Royal Caribbean Cruises, Ltd: Hbr Case Study Essay

1126 Words Mar 20th, 2008 5 Pages
Royal Caribbean Cruises, LTD: A Case Study
1. Using the Information Systems Triangle as a framework, evaluate the alignment of RCCL's business strategy, organizational strategy, and information systems strategy before Tom Murphy became CIO and then after Tom Murphy took over as CIO (up to 9/11/2001).
Prior to Tom Murphy's tenure as CIO, Royal Caribbean Cruises Line's (RCCL's) business strategies were not fully aligned with the organizational and IT strategies. Tom Murphy was instrumental in bringing these together.

A threefold business strategy was in place. It consisted of 1) design better cruise experiences, 2) reduce costs and 3) grow revenues. It improved guest experiences through luxurious ships with rock-climbing walls and
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Tom introduced a five-year IT strategy to support the business strategy. It consisted of creating fully redundant systems at two data centers, driving costs down through centralizing services and consolidating Celebrity and Royal Caribbean systems, focusing on innovative and flexible customer-focused systems. His goal was to serve the business 110% by providing the right tools to enhance guest experiences, cut costs, build revenues and leverage IT as a competitive advantage for Royal Caribbean. In 2000, after his organization was aligned with the IT and business strategies, Tom launched the Leapfrog project to get rid of legacy systems, gain supply chain efficiencies around integrating two ERP systems, improve employee systems to accommodate Royal Caribbean's personnel growth and build an integrated web-based reservation system to replace the current fragmented environment.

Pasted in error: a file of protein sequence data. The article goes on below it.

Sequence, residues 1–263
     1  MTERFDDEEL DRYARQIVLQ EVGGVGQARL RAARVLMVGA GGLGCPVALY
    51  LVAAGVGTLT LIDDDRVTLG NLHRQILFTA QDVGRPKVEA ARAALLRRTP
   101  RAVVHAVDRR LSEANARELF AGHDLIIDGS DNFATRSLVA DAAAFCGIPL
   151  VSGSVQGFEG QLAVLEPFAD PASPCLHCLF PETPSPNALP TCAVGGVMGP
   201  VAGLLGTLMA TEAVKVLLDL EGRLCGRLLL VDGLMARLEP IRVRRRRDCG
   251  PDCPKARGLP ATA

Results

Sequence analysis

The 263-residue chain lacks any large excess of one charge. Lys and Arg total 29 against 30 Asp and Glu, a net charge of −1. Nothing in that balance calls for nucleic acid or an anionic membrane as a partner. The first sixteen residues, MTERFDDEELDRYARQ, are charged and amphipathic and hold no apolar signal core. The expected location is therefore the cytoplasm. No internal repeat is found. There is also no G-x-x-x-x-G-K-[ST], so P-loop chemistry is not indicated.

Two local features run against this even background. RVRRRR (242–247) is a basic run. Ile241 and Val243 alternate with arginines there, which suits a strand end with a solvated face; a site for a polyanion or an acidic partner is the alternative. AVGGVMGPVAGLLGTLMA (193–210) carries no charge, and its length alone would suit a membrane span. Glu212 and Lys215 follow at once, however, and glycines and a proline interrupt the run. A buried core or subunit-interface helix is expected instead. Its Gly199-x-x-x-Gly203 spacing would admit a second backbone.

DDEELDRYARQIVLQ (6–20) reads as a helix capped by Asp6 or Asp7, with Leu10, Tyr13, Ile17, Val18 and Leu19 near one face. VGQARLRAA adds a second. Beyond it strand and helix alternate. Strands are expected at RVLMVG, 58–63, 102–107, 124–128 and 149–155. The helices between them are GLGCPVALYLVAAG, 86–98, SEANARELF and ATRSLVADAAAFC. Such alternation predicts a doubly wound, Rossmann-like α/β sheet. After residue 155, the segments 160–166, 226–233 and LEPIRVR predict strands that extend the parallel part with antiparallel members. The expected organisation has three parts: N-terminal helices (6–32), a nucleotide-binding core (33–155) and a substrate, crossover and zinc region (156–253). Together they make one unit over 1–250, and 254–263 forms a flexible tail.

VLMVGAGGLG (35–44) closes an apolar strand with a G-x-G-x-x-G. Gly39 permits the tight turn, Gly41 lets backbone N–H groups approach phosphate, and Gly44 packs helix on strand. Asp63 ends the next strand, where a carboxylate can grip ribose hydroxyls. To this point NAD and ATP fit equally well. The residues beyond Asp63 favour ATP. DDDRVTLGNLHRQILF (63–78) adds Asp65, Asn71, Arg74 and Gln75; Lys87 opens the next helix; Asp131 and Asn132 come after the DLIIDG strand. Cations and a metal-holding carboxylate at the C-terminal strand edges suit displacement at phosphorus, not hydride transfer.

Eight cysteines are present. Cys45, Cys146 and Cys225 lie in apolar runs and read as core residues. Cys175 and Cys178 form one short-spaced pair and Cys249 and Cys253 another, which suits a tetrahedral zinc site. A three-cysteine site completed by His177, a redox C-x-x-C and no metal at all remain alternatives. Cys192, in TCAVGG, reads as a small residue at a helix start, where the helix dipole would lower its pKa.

With Tom's help, Royal Caribbean had aligned their business, organizational and IT strategies. They focused on their key business objectives, leveraged an experienced staff and used IT as a competitive advantage. Then the 9/11/2001 attack occurred …

2. Do you agree with the 9/11/2001 downsizing?
After 9/11/2001, with the travel industry reeling under 50% booking declines, Royal Caribbean took quick, dramatic cost-cutting actions and adjusted its strategies accordingly. These actions were

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